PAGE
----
"The only explanation I can give is that it was potentially a very easy setup without much forethought needed," St. James continued. Feminist porn filmmaker Erika Lust, who included a pizza delivery scene in her movie The Good Girl, agrees that part of the allure of the scenario is its utilitarian simplicity: "From a production perspective, it is very easy and cheap, as you only need one set: a room. It can be the kitchen or the living room, no more complications."

Part 3: Extra pepperoni, extra sausage

The pizza delivery narrative is "actually a relatively new thing" in the many-thousand-year-long history of pornography, according to Joe Rubin, a co-founder of independent film preservation and distribution company Vinegar Syndrome, which specializes in cult films, including vintage pornography. He explains that in the history of erotica, the conceit of a delivery person showing up at a woman's door and exchanging goods for sex is less than a century old. The trope's roots were established, in pornographic "stag films" — short amateur clips that portrayed hardcore sex — in the first few decades of the twentieth century. These silent films, or "loops," were often about 10 to 15 minutes long, and offered little by way of rich narrative structure or character development. The plots were largely comedic, punctuated by slapstick humor and ribald, Borscht Belt-esque jokes.

"The whole reason we did the pizza boy plot was that we had an Italian restaurant available to us to shoot in."

Stag filmmakers often faced a problem: They needed to come up with a compelling reason for the two people in front of the camera to have sex, that wouldn't take too much time to establish. "Their idea of a plot was to get the couple together as fast as possible and into the sex," porn filmmaker Carter Stevens told me. "So delivery boys, plumbers, and pool boys were a much-used trope."

To further heighten the erotic stakes, the male characters were usually poor or working-class, while the female characters were much wealthier. "It was a way for two otherwise unrelated people to meet and engage in sex," Rubin explained. "Some aspect of sexuality or eroticism could be brought out in a mundane, often absurd way. Why else would a lonely housewife or maid be meeting some strange man?"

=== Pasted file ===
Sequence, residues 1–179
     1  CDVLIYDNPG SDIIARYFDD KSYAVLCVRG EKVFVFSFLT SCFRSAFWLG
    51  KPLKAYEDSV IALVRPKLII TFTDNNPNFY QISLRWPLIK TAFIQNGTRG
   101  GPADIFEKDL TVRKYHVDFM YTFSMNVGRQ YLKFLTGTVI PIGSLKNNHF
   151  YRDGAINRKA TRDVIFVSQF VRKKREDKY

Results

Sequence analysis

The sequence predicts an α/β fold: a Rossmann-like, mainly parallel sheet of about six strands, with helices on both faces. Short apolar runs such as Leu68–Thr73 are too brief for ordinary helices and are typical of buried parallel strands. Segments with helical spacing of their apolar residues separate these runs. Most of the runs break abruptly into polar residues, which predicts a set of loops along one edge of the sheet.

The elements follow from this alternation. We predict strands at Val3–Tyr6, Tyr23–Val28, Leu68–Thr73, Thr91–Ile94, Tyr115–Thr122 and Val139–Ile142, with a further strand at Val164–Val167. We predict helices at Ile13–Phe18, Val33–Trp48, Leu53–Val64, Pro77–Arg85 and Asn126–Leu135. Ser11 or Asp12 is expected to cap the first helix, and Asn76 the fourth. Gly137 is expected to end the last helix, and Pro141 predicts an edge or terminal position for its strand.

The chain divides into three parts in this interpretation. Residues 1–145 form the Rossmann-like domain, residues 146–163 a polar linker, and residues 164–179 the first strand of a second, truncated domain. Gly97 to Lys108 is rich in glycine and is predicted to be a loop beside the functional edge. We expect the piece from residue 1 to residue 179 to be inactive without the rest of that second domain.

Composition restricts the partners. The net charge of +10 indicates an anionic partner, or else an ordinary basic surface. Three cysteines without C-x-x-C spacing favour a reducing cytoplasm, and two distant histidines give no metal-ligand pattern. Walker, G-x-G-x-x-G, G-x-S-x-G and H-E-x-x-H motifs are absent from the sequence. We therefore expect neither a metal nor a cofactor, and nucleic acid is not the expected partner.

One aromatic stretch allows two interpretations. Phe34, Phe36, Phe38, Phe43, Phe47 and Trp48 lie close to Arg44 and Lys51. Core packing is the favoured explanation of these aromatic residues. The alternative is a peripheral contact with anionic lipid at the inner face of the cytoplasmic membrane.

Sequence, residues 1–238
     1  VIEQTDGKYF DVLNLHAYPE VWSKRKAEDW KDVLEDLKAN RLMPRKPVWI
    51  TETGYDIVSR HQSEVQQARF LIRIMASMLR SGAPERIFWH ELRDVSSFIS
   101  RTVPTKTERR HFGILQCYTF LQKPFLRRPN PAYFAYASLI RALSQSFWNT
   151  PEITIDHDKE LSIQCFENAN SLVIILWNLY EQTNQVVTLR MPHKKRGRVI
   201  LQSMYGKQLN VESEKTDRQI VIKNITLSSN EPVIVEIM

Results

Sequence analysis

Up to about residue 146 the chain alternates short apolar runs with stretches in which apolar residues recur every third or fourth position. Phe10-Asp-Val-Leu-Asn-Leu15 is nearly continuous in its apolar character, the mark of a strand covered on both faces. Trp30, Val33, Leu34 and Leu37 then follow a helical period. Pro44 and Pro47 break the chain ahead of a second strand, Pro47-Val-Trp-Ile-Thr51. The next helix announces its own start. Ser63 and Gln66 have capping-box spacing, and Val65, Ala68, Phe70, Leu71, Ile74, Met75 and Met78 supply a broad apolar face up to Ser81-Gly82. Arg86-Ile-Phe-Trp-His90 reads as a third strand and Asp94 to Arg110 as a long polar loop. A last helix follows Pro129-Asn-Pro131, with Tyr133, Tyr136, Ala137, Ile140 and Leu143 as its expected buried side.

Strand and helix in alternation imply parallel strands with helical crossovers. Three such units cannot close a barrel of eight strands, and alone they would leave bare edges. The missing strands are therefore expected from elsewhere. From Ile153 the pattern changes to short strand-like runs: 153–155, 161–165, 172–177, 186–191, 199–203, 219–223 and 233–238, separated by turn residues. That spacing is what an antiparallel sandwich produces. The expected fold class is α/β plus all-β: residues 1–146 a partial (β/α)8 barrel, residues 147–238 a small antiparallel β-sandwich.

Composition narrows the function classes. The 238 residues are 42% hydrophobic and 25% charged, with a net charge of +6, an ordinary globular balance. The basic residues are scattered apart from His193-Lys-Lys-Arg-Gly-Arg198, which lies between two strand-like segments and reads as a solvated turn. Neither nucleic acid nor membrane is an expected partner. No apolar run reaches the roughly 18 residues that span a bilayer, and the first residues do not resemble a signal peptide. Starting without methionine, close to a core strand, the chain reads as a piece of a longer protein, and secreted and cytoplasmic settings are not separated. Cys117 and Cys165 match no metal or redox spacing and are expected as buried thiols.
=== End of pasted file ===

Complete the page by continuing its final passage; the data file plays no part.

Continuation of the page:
As the century progressed, the professions at the center of these ring-the-doorbell films evolved accordingly. In the 1950s and ‘60s, door-to-door salesmen were a popular character choice, particularly if they were selling items that could be interpreted as vaguely sexual — women's underwear, for instance, or hair-dryers that doubled as dildos.

The pizza delivery boy made an occasional appearance in 8mm loops throughout the 1970s, according to Jeff Vanzetti, who runs the Internet Adult Film Database (IAFD), which is basically the IMDB of porn. But it wasn't until 1975, fourteen years after a fledgling pizza delivery chain called DomiNick's launched its pioneering pizza delivery service (and ten years after it renamed itself Domino's), that one of the first instances of the pizza delivery boy trope surfaced in a feature pornographic film.

Carter Stevens' Hot Oven, a slapstick comedy featuring commercial actor-turned-porn-star Eric Edwards, told the story of a lothario who makes a bet that he can "make it" (1970s parlance for fucking) with all of his female customers in a two-week period. According to Stevens, the film's plot was a result of pure logistical convenience. "The whole reason we did the pizza boy plot was that we had an Italian restaurant that was available to us to shoot in," he told me. "So we wrote the script around the location."